This section is from the book "The Law Of Contracts", by William Herbert Page. Also available from Amazon: Commercial Contracts: A Practical Guide to Deals, Contracts, Agreements and Promises.
Acceptance, in this sense, includes the physical act of taking possession of the goods and also the intention of retaining them.1 Since intention to waive breach is an essential element of waiver, the mere fact of possession of the property tendered by the adversary party in performance of the contract is not conclusively an acceptance so as to waive breach.2 'Whether physical receipt of property which is delivered under a contract is a waiver of complete performance, is ordinarily a question of fact depending on the actual intention of the parties.3 If the purchaser has a right to accept that part of the goods delivered which conforms to the contract, and to reject the rest, his acceptance of a part of the goods is not a waiver of defects in the part which he has thus rejected.4 Inspection by an agent of the buyer at the seller's factory has been held not to be a waiver of defects if such inspector is appointed voluntarily by the buyer for the accommodation of the seller.5 The fact that the promisee takes possession of the property tendered in performance, for the purpose of testing it, and seeing whether it complies with the terms of the contract or not, does not amount to an acceptance.6 If A digs a well for B, agreeing that it shall furnish water for certain purposes, B's act in using such well to test its capacity does not amount to an acceptance thereof so as to waive breach.7 Retaining an article in reliance upon the promise of the seller to remedy defects, is not a waiver of such defects.8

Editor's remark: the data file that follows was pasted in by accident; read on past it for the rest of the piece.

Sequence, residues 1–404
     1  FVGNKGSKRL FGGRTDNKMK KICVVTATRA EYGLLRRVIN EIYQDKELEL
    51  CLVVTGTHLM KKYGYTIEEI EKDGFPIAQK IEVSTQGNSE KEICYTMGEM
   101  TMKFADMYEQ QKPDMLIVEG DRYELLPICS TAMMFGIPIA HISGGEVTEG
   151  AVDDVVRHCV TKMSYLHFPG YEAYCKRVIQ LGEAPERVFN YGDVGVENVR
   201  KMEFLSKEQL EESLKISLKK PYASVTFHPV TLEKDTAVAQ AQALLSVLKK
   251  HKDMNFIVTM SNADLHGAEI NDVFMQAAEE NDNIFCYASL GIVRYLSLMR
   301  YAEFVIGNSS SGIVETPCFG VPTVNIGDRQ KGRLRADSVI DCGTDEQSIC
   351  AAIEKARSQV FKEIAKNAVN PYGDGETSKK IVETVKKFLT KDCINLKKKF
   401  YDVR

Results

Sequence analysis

11 Cream City Glass Co. v. Fried-lander, 84 Wis. 63, 36 Am. St. Rep. 805, 21 L. R. A. 135, 54 N. W. 28.
1 Omaha Beverage Co. v. Temp Brew Co., - la. -, 171 N. W. 704.
2 Iowa.. Omaha Beverage Co. v. Temp Brew Co., - la. -, 171 N. W. 704.
Michigan. Kronman v. Gardella, 100 Mich. 645, 157 N. W. 377.
North Carolina, Hall Furniture Co. v. Crane Mfg. Co., 160 N. Car. 41, L. R. A. 1015E, 428, 85 S. E. 35.
Ohio. Rheinstrom v. Steiner, 69 O. S. 452, 60 N. E. 745.
Oklahoma. Hart-Parr Co. v. Duncan, - Okla. -, 4 A. L. B. 1434, 181 Pac. 288.
Bhode Island. Pennington v. How-land, 21 B. I. 65, 70 Am. St. R\ep. 774, 41 Atl. 801.
3 Campion v. Marston, 00 Me. 410, 60 Atl. 548.
4 Stearns Salt & Lumber Co. v. Den-nis Lumber Co., 188 Mich. 700, 2A.L R. 638, 154 N. W. 01.
5 First National Bank v. Carroll, 35 Mont. 302, 88 Pac. 1012.
6 Wind v. Her, 03 la. 316, 27 L. R. A. 210, 61 N. W. 1001.
7Genni v. Hahn, 82 Wis. 90, 51 N. W. 1006.
8 Roper v. Wells, 182 la. 237, 165 N. W. 385; United Iron Works v. Raths-keller Co., 04 Wash. 67, L. R. A. 1917ft 445, 161 Pac. 1197.
The act of the buyer in reselling goods before he has an opportunity to inspect them does not operate as a waiver of defects therein.9 Payment of a draft which is necessary to enable the buyer to get the bill of lading is not a waiver of unknown defects.10 If, however, certain defects are apparent, and known to the promisee, his act in making use of part of such property amounts to an acceptance of the entire lot offered and such defects are thereby waived.11 Thus if A, who has agreed to give certain securities to B to secure a debt of B's, tenders B a note in place of such security, and on B's refusal to take it A throws it on the table in front of B and goes away without it, such facts do not constitute an acceptance by B.12